Theft Is Criminal, Not Just Immoral

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Theft Is Criminal, Not Just Immoral

The Laws Against Stealing Taxpayers'' Money Should Be Enforced Strictly

The government has confirmed that it spent 109.6 trillion won($90.8billion) in public funds since the onset of the economic crisis in 1997 through to August this year. Out of 64 trillion won raised in accordance with parliamentary approval, 43.5 trillion won has been funneled into the state-run Korea Deposit Insurance Corp. to increase capital for unhealthy financial institutions and pay back depositors.

After a lengthy controversy, legislators approved early this month an additional 40 trillion won to be raised in public funds and they also passed a special law governing the management of public funds; the aim being to minimize taxpayers'' burdens by requiring objectivity, fairness and transparency in the raising, operation and management of public funds. The ruling and opposition parties have also agreed to have a detailed inquiry into the use and the management of public funds.

The public has been aware of the astronomical amounts of money being injected into the financial sector, but it has been left in the dark as to how the funds have been used. Based on news reports, people could only make guesses about just some the problems arising from the management and appropriation of funds.

Joongang Ilbo investigated the management of public funds and reported that it was marred with problems. It found that their management and supervisory system were in disarray. Following these news reports about moral hazards at state-aided financial institutions people were furious and felt betrayed.

Belatedly, Parliament saw the seriousness of the problem and in passing the special law has decided to exercise checks on the management of public funds, checks which will include a parliamentary inquiry. But people still find it difficult to understand the fact that nearly 110 trillion won has already been spent and that 60 trillion of them will not be recovered, leaving taxpayers to pick up the bill.

Further more, whether the proposed additional 40 trillion would end the demand for further public funds is not clear. The amount of 150 trillion won is a huge financial burden on the people. It means a debt equivalent to 3 million won for every South Korean.

Questions are also being asked about the government''s assertion that there would be no additional public funds to be raised. A look at news reports about the latest financial scams, including a case of Dongbang Mutual Savings and Finance Co., gives a warning that the volume of public funds needed is bound to increase rapidly.

The biggest shareholders of some mutual savings companies abused their statutory power to get massive loans, and If these companies are not able to recover the loans extended to them and consequently fail to repay their depositors, the Korea Deposit Insurance Corp. will pay back a certain amount to depositors in accordance with the government''s deposit protection program. This amounts to big shareholders who received loans stealing taxpayers'' money.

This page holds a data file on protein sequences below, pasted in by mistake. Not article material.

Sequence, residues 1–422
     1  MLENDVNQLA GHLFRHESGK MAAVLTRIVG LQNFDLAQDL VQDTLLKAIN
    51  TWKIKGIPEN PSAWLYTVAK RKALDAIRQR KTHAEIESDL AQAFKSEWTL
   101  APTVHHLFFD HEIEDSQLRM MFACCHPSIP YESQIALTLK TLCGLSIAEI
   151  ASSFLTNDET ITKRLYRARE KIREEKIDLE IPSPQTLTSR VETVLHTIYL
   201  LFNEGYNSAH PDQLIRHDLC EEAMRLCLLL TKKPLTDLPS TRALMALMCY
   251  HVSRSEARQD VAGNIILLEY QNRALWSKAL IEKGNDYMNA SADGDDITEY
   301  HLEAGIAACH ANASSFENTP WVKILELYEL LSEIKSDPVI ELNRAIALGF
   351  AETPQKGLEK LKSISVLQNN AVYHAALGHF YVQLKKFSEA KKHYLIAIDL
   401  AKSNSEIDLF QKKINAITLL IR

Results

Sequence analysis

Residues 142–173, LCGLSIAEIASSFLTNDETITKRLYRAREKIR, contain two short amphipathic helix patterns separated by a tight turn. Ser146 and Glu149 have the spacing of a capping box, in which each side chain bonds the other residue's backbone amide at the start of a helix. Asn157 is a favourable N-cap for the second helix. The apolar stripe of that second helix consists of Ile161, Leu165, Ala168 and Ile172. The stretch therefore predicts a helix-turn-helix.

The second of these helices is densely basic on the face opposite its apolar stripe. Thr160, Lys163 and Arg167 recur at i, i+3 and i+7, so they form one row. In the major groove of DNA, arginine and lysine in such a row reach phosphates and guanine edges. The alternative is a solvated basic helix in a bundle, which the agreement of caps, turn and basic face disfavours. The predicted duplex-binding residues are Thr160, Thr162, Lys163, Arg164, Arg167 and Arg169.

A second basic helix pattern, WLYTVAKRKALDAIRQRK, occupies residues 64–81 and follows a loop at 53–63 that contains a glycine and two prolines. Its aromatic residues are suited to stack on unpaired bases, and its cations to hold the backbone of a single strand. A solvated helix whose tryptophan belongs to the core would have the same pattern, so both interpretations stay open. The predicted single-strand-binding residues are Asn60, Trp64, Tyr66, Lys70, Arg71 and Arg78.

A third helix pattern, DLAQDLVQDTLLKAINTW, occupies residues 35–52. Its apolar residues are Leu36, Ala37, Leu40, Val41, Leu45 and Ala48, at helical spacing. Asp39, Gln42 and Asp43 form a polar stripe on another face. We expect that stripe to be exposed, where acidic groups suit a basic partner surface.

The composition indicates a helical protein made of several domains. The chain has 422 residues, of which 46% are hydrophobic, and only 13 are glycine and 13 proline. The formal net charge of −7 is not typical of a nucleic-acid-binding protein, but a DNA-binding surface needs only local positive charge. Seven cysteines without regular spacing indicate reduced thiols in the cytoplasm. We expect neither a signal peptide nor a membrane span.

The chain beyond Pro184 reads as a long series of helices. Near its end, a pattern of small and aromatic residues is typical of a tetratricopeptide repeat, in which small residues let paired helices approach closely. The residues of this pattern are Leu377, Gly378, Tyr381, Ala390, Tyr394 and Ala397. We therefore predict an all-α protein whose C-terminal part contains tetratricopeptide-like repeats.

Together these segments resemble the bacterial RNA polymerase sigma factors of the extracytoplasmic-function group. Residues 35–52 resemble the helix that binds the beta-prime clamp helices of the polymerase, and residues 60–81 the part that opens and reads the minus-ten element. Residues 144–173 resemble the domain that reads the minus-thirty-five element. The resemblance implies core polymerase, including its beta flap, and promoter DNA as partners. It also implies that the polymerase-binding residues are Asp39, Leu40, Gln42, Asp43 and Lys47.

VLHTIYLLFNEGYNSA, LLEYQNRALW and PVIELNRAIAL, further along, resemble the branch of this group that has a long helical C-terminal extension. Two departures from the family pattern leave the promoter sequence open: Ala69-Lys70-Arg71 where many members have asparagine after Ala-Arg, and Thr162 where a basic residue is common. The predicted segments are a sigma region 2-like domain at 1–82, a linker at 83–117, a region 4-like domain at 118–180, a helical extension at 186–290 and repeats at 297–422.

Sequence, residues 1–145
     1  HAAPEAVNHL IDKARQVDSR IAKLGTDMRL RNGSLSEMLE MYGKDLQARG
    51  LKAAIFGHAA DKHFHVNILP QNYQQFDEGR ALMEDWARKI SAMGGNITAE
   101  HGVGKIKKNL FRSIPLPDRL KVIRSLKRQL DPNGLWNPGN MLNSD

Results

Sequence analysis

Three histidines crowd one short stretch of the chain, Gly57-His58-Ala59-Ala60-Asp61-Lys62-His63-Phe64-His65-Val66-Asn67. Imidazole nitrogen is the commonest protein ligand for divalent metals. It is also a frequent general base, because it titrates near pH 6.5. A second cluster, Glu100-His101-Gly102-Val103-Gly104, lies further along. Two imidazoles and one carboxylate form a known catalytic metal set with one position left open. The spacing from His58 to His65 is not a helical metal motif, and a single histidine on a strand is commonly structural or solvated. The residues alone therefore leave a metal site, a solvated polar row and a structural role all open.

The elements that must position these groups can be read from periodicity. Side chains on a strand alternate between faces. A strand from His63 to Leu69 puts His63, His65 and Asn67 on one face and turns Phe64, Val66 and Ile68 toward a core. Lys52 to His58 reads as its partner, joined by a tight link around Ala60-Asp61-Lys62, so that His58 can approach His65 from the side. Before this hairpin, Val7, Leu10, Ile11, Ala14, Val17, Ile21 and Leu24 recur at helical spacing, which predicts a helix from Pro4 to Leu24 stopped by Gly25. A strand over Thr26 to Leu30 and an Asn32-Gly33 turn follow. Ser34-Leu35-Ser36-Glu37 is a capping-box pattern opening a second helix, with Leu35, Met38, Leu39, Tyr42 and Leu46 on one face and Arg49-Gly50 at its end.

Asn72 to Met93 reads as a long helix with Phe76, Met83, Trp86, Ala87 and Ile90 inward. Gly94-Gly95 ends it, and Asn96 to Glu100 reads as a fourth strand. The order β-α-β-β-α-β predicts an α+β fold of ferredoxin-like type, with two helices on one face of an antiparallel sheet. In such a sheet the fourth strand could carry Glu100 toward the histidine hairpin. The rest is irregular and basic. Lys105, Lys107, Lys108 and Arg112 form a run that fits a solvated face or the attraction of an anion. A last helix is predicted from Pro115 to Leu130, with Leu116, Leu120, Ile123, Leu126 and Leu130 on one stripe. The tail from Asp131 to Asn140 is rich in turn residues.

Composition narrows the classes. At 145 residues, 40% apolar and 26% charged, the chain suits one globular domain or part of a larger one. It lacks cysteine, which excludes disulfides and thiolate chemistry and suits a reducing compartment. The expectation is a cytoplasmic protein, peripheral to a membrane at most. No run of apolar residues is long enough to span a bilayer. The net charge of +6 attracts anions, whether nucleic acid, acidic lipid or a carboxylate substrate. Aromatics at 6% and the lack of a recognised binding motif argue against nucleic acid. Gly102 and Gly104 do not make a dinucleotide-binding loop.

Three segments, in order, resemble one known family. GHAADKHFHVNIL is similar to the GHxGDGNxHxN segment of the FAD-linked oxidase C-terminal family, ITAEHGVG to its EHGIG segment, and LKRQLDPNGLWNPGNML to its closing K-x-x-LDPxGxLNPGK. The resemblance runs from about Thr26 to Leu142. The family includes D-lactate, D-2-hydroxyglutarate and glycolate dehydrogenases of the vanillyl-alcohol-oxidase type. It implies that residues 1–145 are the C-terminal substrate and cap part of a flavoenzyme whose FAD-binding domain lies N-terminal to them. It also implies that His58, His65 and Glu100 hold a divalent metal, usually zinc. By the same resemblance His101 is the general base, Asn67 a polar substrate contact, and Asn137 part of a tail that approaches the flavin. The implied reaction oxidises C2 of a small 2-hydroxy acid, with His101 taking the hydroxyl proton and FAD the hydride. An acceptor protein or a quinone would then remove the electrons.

The government will hardly be able to avoid the criticism that it misuses public funds to make up for its failure to prevent misappropriation of funds by big shareholders and employees in financial institutions.

The term "moral hazard" has frequently been cited. But moral hazard differs from criminal activity. For example, it cannot be simply a moral hazard when big shareholders of financial institutions conspire with their managements to get unlawful loans. According to news reports, some mutual savings companies help big account holders to divide their deposits into small accounts using borrowed names so that they can get some deposit repayments guaranteed under the government''s deposit protection program. This is criminal activity.

It has yet to be seen how many of the irregularities the parliamentary inquiry will be able to uncover. It is also not easy to predict how effective the new legislation designed to improve the supervision of public funds will be. What is clear is that people are strongly demanding that the government enforces laws on "criminal activity" of misappropriating public funds strictly and thoroughly. The government cannot expect people to have confidence in it when public funds defrauders continue to thrive on their hidden assets. What we need at this junction is a Javert, the inspector in "Les Miserable", who is committed to enforce the true spirit of the law, not irresponsible government officials who consider public funds have nothing to do with them.

The writer is a lawyer at the Kim & Chang Law Firm.

by Shin Hi-taek

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